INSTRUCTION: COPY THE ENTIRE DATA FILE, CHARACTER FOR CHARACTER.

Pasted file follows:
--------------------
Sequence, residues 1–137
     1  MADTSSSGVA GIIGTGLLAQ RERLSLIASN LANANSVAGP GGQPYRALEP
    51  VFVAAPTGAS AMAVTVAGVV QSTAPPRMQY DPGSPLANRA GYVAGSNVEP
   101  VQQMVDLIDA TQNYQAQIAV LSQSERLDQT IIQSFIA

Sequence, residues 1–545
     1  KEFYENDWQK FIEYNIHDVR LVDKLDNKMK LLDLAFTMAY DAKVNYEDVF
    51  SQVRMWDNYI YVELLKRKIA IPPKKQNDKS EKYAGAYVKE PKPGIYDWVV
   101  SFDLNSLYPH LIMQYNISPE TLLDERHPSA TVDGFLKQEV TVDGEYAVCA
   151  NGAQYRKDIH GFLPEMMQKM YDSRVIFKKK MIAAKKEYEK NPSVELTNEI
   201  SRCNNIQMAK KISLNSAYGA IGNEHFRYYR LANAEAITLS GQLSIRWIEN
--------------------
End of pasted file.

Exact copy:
Sequence, residues 1–137
     1  MADTSSSGVA GIIGTGLLAQ RERLSLIASN LANANSVAGP GGQPYRALEP
    51  VFVAAPTGAS AMAVTVAGVV QSTAPPRMQY DPGSPLANRA GYVAGSNVEP
   101  VQQMVDLIDA TQNYQAQIAV LSQSERLDQT IIQSFIA

Sequence, residues 1–545
     1  KEFYENDWQK FIEYNIHDVR LVDKLDNKMK LLDLAFTMAY DAKVNYEDVF
    51  SQVRMWDNYI YVELLKRKIA IPPKKQNDKS EKYAGAYVKE PKPGIYDWVV
   101  SFDLNSLYPH LIMQYNISPE TLLDERHPSA TVDGFLKQEV TVDGEYAVCA
   151  NGAQYRKDIH GFLPEMMQKM YDSRVIFKKK MIAAKKEYEK NPSVELTNEI
   201  SRCNNIQMAK KISLNSAYGA IGNEHFRYYR LANAEAITLS GQLSIRWIEN